A lot or a little?
The parents' guide to what's in this movie.
What parents need to know
Parents need to know that Guilty, a drama from India (in Hindi with English subtitles, or dubbed), is set in a prestigious, fictional university in New Delhi. A sexually provocative female student accuses an attractive, popular classmate of rape after a night of drunken and drugged behavior at a campus party. What follows is a blending of witness accounts, legal maneuvers, and family and school interventions that cloud both the truth and the relationships between the principal characters. At the heart of the story is the accused rapist's girlfriend, who believes in his innocence. Viewers can expect scenes of highly-charged suspense and friction, including a slap, fighting, and the abduction of a young man (who's held only briefly). Spoiler alert: a brutal sexual attack is shown; its reliability may be questioned. A loving couple kisses, engages in mild foreplay, and is shown waking up in bed together. A man masturbates in an underground crossway. Language is coarse throughout, including countless uses of "f--k," "s--t," and other curses. Partying students use alcohol, cocaine, marijuana, and other drugs to get drunk and high. Casual marijuana use is shown in other scenes. The film, which addresses issues of sexual abuse, classism, and gender inequity, along with its inclusion of drug use and profanity, isn't suitable for most kids. For older teens, however, it may be an opportunity for insightful reflection and relevant discussion.
What's the story?
Nanki (Kiara Advani) is a stellar college student when GUILTY begins. An iconoclastic young woman, Nanki is a brilliant, beautiful songwriter in her senior year at St. Martin's, a university in New Delhi. After a drug and alcohol-fueled campus party, Nanki's boyfriend, Vijay (Gurfatch Pirzada), is accused of rape by Tanu (Akansh Ranji Kapoor), a young woman at St. Martin's on scholarship. It's clear to everyone that Tanu had a passionate crush on Vijay and seemed intent upon seducing him. When she identifies Vijay as a rapist, confidence in her story is low. The adored son of a rich, famous politician, and leader of the band that Nanki writes music for, Vijay denies the allegations with vehemence. Nanki is Vijay's most ardent supporter. Interviews conducted by Danish (Taher Shabbir), the lawyer hired to lead Vijay's defense, Nanki's commitment, and the accused's family's fervent advocacy, unfortunately, cannot stop the rising support Tanu begins to pull together on her behalf. In the ensuing conflict, stories are changed, complex issues emerge, secrets are uncovered, and the stakes build to an inescapable and an unsettling conclusion.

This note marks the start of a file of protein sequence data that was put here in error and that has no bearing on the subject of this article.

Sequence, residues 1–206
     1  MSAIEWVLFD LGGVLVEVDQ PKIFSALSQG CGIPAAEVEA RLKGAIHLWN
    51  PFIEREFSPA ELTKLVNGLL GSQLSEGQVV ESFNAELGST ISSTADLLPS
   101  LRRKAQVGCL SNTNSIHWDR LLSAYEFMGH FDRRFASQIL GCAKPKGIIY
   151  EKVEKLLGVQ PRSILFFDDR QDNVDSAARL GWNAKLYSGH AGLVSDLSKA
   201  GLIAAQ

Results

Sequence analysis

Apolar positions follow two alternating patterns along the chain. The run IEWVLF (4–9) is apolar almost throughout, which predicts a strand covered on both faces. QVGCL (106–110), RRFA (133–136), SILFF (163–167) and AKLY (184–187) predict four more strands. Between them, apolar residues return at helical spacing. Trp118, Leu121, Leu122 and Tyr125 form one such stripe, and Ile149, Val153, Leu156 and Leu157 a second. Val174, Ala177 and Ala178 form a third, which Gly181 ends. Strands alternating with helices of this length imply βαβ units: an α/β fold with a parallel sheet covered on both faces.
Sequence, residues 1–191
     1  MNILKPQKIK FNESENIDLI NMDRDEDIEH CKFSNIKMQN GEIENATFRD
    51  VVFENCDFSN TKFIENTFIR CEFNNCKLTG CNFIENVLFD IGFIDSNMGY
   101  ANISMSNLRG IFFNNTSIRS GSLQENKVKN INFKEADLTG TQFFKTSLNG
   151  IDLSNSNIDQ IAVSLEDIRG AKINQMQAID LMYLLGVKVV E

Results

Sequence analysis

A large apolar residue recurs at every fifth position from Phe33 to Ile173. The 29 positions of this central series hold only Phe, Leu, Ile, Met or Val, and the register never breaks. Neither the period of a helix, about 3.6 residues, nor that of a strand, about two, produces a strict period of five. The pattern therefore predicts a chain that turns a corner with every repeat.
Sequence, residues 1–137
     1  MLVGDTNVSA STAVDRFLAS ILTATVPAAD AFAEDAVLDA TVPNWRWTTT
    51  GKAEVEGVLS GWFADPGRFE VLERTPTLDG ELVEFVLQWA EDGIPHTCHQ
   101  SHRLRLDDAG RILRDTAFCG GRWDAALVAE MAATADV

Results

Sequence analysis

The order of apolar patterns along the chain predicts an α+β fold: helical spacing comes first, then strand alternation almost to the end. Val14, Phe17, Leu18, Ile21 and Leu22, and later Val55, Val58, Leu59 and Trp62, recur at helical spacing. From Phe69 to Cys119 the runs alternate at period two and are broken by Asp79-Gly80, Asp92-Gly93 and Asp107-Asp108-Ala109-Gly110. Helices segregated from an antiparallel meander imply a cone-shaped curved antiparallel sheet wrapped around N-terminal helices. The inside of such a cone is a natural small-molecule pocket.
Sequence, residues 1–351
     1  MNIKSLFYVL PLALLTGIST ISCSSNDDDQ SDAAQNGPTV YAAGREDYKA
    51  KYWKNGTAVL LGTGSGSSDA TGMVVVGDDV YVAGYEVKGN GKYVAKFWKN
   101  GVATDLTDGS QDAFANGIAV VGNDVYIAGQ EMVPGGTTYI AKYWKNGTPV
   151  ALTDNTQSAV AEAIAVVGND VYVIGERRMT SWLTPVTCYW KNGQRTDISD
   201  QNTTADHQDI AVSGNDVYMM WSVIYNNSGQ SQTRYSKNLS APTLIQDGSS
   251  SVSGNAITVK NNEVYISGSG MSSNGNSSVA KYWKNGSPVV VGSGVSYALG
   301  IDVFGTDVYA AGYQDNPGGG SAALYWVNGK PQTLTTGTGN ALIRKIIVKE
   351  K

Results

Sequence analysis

Is it any good?
A heartfelt effort to illuminate the complex subject matter, along with vibrant performances and an artful selection of music, somewhat make up for some distracting contrivances and missteps. The characters, particularly heroine, victim, and predator (not revealed conclusively until the last moments), are shaded and impenetrable for most of the movie. That's one of the better things about Guilty. However, there are so many witnesses, band members, detractors, supporters, and concerned adults, the multitudes eventually overload the already-tangled plotting. Finally, the contrived ending is problematic. There's so much to be exposed and so much emotion to release that the selected site for the climactic moments feels both impersonal and overwrought at the same time.
Talk to your kids about ...
Families can talk about the positive impact of watching movies from other countries. What do audiences learn about the commonality of humanity by seeing different lives and cultures? How did Guilty give life to the universality of college rape, classism, and gender inequity? In what ways were the students portrayed in the movie like those in your world? How were they different?
This film addresses the #MeToo movement, prominent in today's culture. Director Ruchi Narain takes her viewers on a journey that is ambiguous until the final scenes. Whom did you find yourself believing over the course of Guilty? Why? In the final analysis, what is Narain's point of view about the issue? How does her approach to the material show why it's difficult to find the truth?
"Rashomon" is a term often used to characterize a movie or story that shows the same event from different points of view. Find out the origin of the term. Can you think of some other movies that use Rashomon as a base for storytelling? (If you've never seen the Japanese original, it's recommended for mature teens.)
How do Nanki's tattoos and body piercings help define her character?
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